Despite the £100bn advertising industry recognising the positive benefits of recruiting people with #dyslexia and other neurodiverse conditions, it is failing at the first hurdle.

According to LEO – a new platform that seeks to transform the way that neurodiverse university students learn, reading lists are causing them to doubt their ability to take part in the course - ultimately placing them at a disadvantage from the very start.

  • New platform, LEO, launches to help make educational material more accessible for those with dyslexia and neurodiverse differences
  • The platform was created by advertising professionals who worked alongside a designer with dyslexia, dyslexic ad students and experts in the field
  • 11.5 million people in UK have dyslexia and with university learning still being largely text based, LEO questions if the creative industry is missing out on future superstars   
  • LEO finds that the one of the biggest barriers preventing dyslexic students from studying advertising at university is anxiety over reading list, leading them to doubt themselves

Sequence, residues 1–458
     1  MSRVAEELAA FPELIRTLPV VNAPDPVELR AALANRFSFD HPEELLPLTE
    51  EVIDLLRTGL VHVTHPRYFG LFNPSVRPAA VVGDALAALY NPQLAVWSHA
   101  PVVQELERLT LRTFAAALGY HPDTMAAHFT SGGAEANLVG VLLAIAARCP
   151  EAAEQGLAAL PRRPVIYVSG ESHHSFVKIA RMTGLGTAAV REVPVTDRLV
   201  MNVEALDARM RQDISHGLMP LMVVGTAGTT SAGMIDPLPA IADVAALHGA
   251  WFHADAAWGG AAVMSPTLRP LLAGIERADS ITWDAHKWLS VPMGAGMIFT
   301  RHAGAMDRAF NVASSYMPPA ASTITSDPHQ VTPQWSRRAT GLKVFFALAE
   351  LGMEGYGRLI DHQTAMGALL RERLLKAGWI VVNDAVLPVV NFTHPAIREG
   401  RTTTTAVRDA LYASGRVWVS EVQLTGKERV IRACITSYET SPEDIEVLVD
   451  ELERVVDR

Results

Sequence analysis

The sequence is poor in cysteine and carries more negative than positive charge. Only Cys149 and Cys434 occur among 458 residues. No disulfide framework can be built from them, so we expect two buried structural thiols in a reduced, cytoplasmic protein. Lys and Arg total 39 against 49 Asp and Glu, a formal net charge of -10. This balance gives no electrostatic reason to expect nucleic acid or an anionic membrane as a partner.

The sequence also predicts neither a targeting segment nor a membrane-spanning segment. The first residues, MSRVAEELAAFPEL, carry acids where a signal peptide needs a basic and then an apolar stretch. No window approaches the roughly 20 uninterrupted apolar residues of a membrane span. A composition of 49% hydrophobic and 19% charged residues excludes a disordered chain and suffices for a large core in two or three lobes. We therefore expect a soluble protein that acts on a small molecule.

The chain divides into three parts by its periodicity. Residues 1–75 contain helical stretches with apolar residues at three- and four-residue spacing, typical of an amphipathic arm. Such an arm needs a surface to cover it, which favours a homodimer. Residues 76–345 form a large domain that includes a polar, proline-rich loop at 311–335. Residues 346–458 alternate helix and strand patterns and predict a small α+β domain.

• LEO transforms books into video, audio and other mediums to help neurodiverse students and calls on industry to do their part

Dyslexia is often referred to as a superpower by the advertising industry who support the idea that neurodiverse people are often more creative and artistic, because they can think differently and more holistically than neurotypical people. However, thousands of students with dyslexia looking to break into the industry are still being put at a disadvantage, until now.

LEO is new and free to join eReading platform designed to offer students with dyslexia a way to access course material that works for them, while removing a barrier that may halt their progress in the industry.

The platform was created by advertising professionals James Hillhouse, Kat Pegler and Alex Fleming. The idea was conceived after Hillhouse discovered a dyslexic student he worked with through his organisation Commercial Break – a youth transformation agency, designed to give working class talent a break in creative industry - was considering dropping out because of the difficulty of reading lists.

The team worked alongside UX designer Evert Martin, who himself has dyslexia, and called upon his own experience with dyslexia growing up to help inform the platform interface and functionality. The features were then created and formed with the guidance of dyslexic university students and dyslexia experts to make the LEO as natural to use as possible.